Proposed Omnibus Law: Making Strippers Safer, Indifferent to Government Corruption
By Author: Admin | November 22, 2011
The current Canadian government has tabled an omnibus crime bill which combines various previous legislative initiatives, called the “Safe Streets and Communities Act”. The folksy specificity in the name has been the subject of comment. For example, the current title of this bill seems to exclude other aspects of Canada’s geography such as non-streeted communities, the floating ones or the blissful communities of the Meadow People. In other words, mentioning the streets and communities of Canada seems to exclude the applicability of this bill from other places within Canada.
One proposed measure would be to help identify, for example, those who may be vulnerable to humiliating and degrading treatment, including sexual exploitation. These could include exotic dancers or low-skilled labourers. The average Canadian probably has no idea that Canada’s immigration department has had a provision for exotic dancers to enter Canada temporarily to ply their trade.
It will prove difficult to determine if a person seeking a work permit for Canadian employment as an exotic dancer is being exploited. Methods may include ‘site visits’ by the Canada Border Service Agency. A site visit often consists of a CBSA officer being dispatched to visit the residence or workplace of a person seeking a visa to Canada. Some CBSA officers barge into a private residence, or enter the work premises unannounced, without notice. CBSA officers often travel to the person’s country of origin and thus effectively carry out police duties , such as investigation in a foreign country, sometimes with the knowledge of the local authorities, sometimes not. This would require diverting more resources to the CBSA, and less to Canada’s immigration programs, hence further delaying visa applications one two grounds: higher scrutiny of visa applicants (which takes time), and less money for hiring visa officers.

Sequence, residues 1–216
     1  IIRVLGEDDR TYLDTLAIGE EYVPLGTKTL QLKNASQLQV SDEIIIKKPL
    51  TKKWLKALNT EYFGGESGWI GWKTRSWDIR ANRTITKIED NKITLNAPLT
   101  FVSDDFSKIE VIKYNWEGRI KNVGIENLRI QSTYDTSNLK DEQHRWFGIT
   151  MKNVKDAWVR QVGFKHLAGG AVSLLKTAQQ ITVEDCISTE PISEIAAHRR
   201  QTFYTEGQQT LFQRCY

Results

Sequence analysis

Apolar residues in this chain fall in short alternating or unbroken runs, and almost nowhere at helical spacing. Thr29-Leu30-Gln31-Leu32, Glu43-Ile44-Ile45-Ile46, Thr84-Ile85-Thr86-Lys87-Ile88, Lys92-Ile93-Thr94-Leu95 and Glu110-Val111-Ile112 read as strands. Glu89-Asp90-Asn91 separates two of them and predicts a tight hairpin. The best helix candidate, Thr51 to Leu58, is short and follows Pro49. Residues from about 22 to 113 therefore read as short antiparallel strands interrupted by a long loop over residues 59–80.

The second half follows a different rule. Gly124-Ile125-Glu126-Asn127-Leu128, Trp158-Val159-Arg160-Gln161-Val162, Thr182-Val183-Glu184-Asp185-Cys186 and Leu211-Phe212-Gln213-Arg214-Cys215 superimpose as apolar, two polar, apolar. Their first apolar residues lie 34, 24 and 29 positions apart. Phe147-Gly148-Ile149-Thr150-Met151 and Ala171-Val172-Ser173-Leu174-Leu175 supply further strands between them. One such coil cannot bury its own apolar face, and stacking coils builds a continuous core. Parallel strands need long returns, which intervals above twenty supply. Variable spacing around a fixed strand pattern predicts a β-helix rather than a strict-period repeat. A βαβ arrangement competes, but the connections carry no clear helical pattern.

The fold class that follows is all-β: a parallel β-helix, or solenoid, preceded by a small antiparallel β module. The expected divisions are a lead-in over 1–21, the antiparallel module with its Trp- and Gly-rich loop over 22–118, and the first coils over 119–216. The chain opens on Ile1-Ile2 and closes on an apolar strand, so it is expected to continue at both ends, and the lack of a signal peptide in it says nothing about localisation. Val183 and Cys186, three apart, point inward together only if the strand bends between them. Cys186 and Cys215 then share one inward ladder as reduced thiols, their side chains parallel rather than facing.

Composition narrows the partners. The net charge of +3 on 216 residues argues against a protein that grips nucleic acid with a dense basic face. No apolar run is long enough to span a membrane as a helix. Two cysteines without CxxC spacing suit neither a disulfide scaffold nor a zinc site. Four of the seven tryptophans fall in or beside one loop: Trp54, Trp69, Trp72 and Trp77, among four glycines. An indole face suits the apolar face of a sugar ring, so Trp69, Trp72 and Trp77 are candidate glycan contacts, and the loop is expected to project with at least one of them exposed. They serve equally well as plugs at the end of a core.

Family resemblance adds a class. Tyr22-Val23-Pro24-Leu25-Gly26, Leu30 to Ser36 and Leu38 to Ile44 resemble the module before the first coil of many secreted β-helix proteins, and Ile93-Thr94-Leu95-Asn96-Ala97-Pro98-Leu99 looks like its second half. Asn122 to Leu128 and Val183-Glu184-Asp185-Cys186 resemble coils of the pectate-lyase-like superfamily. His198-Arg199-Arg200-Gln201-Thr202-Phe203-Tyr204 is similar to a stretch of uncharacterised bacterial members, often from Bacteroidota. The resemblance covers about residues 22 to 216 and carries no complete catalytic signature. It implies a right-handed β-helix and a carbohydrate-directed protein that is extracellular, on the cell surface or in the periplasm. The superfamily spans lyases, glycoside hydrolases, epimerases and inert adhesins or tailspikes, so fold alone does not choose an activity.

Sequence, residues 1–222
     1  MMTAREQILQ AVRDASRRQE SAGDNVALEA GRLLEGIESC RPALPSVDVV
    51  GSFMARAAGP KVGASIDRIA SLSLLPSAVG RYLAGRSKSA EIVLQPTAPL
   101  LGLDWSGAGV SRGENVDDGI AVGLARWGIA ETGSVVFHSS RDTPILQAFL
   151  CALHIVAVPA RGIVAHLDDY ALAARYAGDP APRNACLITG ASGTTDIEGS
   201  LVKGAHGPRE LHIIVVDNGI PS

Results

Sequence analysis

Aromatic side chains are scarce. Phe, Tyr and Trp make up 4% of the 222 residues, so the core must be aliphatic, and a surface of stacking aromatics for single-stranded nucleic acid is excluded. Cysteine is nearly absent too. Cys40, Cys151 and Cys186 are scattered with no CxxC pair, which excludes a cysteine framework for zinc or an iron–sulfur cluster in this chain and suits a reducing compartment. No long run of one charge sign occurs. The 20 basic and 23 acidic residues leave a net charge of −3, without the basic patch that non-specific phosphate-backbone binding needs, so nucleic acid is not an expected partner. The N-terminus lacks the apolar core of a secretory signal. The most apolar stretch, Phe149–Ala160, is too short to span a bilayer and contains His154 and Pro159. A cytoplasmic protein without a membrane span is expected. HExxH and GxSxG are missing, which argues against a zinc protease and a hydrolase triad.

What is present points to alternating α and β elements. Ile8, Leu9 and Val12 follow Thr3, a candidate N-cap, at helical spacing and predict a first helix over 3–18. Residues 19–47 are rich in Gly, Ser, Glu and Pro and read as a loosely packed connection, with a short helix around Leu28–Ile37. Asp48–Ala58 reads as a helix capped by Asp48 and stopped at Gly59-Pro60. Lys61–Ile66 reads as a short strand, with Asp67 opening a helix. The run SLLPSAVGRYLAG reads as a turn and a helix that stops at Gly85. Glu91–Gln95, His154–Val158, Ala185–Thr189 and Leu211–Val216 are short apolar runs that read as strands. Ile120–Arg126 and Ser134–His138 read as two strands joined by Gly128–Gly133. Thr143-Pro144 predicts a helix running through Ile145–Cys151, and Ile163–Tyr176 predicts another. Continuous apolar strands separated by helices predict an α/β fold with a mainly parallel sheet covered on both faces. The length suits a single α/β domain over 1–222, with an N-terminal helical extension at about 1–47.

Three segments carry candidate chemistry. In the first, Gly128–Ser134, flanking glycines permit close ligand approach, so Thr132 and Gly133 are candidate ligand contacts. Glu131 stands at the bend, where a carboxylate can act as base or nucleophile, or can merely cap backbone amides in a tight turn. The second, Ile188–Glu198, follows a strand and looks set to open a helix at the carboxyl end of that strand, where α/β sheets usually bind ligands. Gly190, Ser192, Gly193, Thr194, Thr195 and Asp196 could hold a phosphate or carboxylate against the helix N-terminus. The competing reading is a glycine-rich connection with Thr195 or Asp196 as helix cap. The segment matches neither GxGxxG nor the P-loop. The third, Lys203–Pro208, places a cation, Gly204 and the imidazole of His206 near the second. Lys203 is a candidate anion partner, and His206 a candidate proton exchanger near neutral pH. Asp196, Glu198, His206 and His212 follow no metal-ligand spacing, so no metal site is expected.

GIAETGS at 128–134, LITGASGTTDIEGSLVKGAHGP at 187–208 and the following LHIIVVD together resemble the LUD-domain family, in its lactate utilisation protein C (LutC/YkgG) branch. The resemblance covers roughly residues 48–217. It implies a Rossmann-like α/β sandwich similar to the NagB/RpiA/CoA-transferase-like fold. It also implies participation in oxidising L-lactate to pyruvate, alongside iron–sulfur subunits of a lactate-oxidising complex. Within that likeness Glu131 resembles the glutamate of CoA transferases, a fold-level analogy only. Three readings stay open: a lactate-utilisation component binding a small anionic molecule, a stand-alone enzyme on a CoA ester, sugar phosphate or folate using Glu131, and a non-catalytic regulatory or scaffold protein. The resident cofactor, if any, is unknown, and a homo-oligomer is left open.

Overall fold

I have seen a few site reports of CBSA officers over the years, and I can imagine a site report from a CBSA officer investigating an application for an exotic dancer to enter Canada: “CBSA investigator visited address of subject seeking work permit as exotic dancer. Investigator entered premises of subject with her permission. Many pieces of lingerie laid out on dining room table. Surly looking male with snake-tattoo on face, wearing numerous pieces of jewelry was seen watching Looney Toones on television, in living room. Investigator asked said male if he was employed. Male told this investigator to ‘get lost’, and threatened this investigator by telephoning his ‘posse’. Conclusion: subject is being exploited by a male, recommend refusal of work permit.”
There is of course nothing wrong with ensuring that Canada’s immigration laws are not an instrument for the exploitation of foreign workers. But one may wonder if the very existence of a program that allows foreign (and mostly) women to work in Canada as exotic dancers is inherently exploitative on some level, notwithstanding the consent of such women.
There are other problems with Canada’s immigration system which contain Bureaucrats Behaving Badly. One such issue relates to the allegation that would-be immigrant investors gave senior Prince Edward Island bureaucrats cash-stuffed envelopes to have their applications approved for immigration to that province. Similarly, applicants for Canadian visas complained to the Turkish police that they had to pay $30,000 to $60,000 in “bribes to ensure guaranteed delivery” of their visas issued by the Canadian visa office in Ankara. It would be nice for the Canadian government to at least cooperate in the investigation of the latter incident rather than obstruct the Turkish government’s attempts at doing so. Allegations like these fuel further rumours from potential clients who insist that I get in contact with ‘the high up people’ in Canada’s immigration bureaucracy to facilitate their visa to Canada.
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